CHICAGO (WBBM NEWSRADIO) -- It’s a part of St. Sabina Church you may not be familiar with and leaders are taking its message on the move this summer.
Volunteers with the Stein Learning Gardens, like Francis Rafferty, spent most of their time primarily educating children living in the Auburn Gresham area about food: how to grow their own and where it can come from.
“We teach them how to grow their own food and what types of food are good for them,” she said Tuesday at the Lincoln Square Farmers Market. “We want them to be self-sufficient in growing their own food and knowing where their food comes from.”
And that’s part of the problem, as Rafferty said, many South Side families live in what are known as “food apartheids.”
“Unfortunately, a lot of these children live in a food desert or a food apartheid, as it is better known as...Places where people of color live, predominantly, that have been defunded, there’s not a lot of great property value there so not a lot of great places to get food, grow your own food. Not a lot of major grocery chains," she said.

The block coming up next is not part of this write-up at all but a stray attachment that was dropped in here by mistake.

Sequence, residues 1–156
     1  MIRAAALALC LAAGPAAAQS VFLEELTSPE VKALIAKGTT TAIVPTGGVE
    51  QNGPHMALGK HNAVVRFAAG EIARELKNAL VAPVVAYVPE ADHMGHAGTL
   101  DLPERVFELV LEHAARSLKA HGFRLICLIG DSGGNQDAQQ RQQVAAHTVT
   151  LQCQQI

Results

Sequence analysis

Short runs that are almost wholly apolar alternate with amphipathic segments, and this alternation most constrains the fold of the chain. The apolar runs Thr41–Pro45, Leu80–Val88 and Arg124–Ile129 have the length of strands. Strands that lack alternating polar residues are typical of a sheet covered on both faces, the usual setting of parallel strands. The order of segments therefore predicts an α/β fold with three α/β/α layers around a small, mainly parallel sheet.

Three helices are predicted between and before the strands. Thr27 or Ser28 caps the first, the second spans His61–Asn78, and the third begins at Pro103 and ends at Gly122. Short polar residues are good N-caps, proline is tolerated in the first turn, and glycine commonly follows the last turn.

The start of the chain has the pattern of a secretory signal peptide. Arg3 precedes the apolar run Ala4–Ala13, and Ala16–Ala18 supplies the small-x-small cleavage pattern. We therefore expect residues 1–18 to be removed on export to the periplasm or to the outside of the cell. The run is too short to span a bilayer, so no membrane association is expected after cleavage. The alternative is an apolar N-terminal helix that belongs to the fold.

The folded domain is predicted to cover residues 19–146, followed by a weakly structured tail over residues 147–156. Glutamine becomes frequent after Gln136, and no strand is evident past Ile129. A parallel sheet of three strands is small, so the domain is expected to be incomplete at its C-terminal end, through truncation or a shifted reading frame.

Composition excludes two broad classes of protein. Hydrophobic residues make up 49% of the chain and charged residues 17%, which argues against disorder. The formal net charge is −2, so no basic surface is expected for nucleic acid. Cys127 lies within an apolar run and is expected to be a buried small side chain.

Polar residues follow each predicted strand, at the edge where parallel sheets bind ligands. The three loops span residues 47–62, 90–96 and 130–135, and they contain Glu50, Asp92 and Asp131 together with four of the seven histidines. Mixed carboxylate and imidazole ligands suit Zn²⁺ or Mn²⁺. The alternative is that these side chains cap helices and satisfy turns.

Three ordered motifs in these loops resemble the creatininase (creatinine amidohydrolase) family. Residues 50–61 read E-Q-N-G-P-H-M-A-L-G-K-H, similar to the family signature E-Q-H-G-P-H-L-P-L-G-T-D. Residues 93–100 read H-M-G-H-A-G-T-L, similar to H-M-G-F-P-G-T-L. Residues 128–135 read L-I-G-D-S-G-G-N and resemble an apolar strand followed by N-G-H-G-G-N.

As part of a new outreach effort, volunteers with the gardens are visiting farmers markets in other parts of the city, distributing “growing kits” and hoping to inspire more Chicagoans to get involved.
Richard Kirkpatrick is a community outreach member.
“It’s beginning a conversation about another part of our city that obviously is really important to us,” he said. “We’ve been very encouraged by the number of people that have been interested in volunteering.”
Organizers also hope to open their own food stands on the South Side later in the year.